The tubes of the main frame must be perfect—no holes may be drilled

large gap can be tolerated lit these joints as poor welding would result.

through their walls. Therefore all parts attached to the fuselage mus1 be held by special brackets which must be cut from steel sheets and welded into place. Any lug or bracket which might be needed later must be foreseen and attached before covering and finishing. This could be quite a problem for the beginner.

This type of fuselage requires jigging in order to insure that at least proper positioning of the main attachments (wing, tail, engine, landing gear). Extra care must be taken when welding so that local thermal expansion will not induce permanent deformation of the fuselage which

SPORT AVIATION

would be impossible to correct after-

is a definite advantage to amateurs who are already working in mechanical industries and possess the necessary skills. Similarly aluminum alloy construction will be more appealing to the aircraft industry worker. It is a fact that the average amateur constructor encounters more difficulty in dealing with metal than with wood. Keeping this in mind Henri Mignet designed his HM-8 avoiding all weldings and reducing the mechanical parts to a minimum. An amateur who has to hire help to 11

3. A mechanic with welding know-how might prefer a welded steel tube type.

Fig. 5 The simple box fuselage of the Mignet HM-293

make the metal fittings of a wooden aircraft must be prepared to spend at least one half the cost of the wood. It's easy to see what it would cost him to build a metal fuselage if he needs hired help. As far as cost of materials is concerned, tubing for a fuselage such as the Baby Ace type would cost close to $100. A birch plywood box type fuselage would probably be about $80 and a wooden truss type around $60. As a comparative summary of these conventional aircraft fuselage structures, I am listing them in the order in which I rate them under the several points the amateur should consider in making his selection: A.

B.

C.

D.

Ease of construction 1. Plywood box 2. Wooden truss 3. Welded steel tube Cost of Construction 1. Wooden truss 2. Plywood box 3. Welded steel tube Cost of Repairs 1. Plywood box 2. Wooden truss 3. Welded steel tube Weight 1. Wooden truss 2. Plywood box

3. Welded steel tube (Weight is difficult to compare because most wooden aircraft described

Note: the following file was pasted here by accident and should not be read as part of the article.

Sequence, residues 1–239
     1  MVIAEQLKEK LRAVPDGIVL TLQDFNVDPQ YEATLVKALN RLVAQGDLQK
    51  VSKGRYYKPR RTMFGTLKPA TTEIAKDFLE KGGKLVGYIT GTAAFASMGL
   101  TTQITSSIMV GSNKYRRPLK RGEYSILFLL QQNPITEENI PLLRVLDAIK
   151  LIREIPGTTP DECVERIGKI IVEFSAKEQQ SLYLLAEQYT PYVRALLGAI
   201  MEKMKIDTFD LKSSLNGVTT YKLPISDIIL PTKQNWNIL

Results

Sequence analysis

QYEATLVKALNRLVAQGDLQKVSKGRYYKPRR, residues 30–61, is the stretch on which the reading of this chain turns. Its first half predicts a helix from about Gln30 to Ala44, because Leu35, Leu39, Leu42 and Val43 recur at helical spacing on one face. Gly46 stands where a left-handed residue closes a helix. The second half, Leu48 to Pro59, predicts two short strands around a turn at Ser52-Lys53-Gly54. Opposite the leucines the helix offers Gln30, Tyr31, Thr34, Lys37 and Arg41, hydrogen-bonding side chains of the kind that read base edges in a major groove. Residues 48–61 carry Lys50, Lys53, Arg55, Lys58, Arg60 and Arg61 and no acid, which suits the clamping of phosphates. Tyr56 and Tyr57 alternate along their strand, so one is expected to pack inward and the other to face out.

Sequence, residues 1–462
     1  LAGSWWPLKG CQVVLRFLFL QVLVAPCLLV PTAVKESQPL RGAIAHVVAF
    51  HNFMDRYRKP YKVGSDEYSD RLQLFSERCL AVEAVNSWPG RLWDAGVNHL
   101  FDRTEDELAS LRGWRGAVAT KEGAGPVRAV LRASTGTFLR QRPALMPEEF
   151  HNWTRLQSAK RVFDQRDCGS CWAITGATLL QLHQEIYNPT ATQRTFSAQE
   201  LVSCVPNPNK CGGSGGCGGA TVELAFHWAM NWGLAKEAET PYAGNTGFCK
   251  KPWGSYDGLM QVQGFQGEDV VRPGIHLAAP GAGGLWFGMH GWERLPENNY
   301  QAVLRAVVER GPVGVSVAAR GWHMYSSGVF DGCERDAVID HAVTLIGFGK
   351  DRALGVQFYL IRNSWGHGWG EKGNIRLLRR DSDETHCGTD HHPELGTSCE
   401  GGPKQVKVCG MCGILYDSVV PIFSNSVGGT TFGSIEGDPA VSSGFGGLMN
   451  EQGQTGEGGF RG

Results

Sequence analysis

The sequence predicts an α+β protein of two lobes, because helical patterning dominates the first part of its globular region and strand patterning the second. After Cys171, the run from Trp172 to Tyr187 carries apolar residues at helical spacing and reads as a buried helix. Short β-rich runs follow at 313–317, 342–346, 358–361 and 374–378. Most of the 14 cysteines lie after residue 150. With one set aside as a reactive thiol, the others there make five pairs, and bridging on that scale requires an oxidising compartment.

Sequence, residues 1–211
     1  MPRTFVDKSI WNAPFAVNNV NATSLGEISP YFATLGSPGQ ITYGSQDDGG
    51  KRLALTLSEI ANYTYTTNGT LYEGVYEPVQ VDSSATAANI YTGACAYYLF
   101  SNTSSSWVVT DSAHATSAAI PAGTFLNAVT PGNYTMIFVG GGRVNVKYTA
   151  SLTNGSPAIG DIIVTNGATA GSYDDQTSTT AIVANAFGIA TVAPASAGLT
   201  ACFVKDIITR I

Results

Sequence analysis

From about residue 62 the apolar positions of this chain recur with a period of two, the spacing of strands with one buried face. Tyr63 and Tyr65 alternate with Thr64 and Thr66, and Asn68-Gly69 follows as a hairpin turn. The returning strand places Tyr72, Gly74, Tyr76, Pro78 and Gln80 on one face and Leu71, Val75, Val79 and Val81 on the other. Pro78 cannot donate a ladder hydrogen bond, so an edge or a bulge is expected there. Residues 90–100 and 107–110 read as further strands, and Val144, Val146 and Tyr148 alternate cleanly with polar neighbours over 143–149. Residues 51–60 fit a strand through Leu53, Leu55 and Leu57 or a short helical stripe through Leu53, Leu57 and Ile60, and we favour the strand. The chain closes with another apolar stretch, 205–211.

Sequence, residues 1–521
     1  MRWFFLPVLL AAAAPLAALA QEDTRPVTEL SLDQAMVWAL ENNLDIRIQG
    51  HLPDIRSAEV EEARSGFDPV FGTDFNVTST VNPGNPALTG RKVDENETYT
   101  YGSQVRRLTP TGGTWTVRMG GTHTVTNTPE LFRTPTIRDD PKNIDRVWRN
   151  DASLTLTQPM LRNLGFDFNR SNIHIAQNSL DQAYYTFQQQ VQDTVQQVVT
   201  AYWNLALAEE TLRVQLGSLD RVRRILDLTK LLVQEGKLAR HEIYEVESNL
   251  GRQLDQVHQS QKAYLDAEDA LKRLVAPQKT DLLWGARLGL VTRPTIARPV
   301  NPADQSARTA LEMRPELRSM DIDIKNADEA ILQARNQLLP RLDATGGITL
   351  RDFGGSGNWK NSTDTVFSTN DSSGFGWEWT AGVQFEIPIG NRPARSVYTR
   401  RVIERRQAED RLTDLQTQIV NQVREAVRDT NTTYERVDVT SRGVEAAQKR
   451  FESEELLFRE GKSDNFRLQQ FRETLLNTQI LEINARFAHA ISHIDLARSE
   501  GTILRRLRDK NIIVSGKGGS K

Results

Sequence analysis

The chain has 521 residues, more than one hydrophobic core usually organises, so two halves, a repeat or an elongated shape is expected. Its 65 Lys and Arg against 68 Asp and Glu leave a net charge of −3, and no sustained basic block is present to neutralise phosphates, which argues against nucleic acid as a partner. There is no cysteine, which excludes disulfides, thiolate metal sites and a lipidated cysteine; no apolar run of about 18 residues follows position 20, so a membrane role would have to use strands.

Fig. 7 Fauvel AV-60 tailless aircraft . . . almost no fuselage at all!

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have been designed to French specifications, while the steel tube aircraft have been designed to U. S. specifications. In general, however, the weight of the three types of fuselages are close enough to make this distinction unimportant). E.

F.

Jig Requirements 1. Plywood box—none 2. Wooden truss—jigs for sides 3. Welded steel tube—jigs for sides, plus assembly General Remarks 1. The amateur who is anxious to be airborne might prefer

And now to discuss the fuselage structure of some unconventional aircraft. Fig. 5 shows one of the simplest types of fuselage that can be built, that of the Flying Flea HM293. The structure is of the plywood box type using a different method of construction. Since the top of the fuselage is straight, it can be built upside down in almost the same manner as small boat hulls. A small simple jig can be made to hold the bulkheads in place while installing the longerons and fitting the plywood sides and bottom. Floors and decking are placed after installation of controls and fittings. Fig. 6 shows the fuselage of the tailless sailplane, the Fauvel AV-36. This is a combination of the plywood box and truss type structures. How-

Fig. 6 The boxtruss fuselage of the Fauvel AV-36 sailplane

the plywood box type which is less work to build. 2. For a small gain in performance a lighter structure such as the wooden truss type is adequate.

ever, the designer had to solve a different problem. He had to meet stiff requirements of low weight which would have been better satisfied by a truss type fuselage. Since the fuselage had to take landing loads directly, he compromised by using a reinforced plywood box. In this case a thin plywood skin insures adequate rigidity. A simple jig is required for the final assembly of this fuselage. This type of structure is commonly used on sailplanes. Fig. 7 shows the fuselage of the Volkswagen - powered single - seater Fauvel AV-60, also a tailless design. It is close to the ultimate in simplicity since the wing itself supports everything. Essentially two bulkheads are attached directly to the wing Continued on page 27 JANUARY